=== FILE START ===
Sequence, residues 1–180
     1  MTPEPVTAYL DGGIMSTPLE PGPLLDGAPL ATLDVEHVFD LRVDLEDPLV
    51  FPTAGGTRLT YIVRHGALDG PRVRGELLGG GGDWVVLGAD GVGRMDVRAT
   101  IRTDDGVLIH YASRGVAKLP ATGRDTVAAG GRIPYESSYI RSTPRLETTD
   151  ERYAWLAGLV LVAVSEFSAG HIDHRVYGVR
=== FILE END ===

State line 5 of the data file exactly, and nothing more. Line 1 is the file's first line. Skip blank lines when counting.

   151  ERYAWLAGLV LVAVSEFSAG HIDHRVYGVR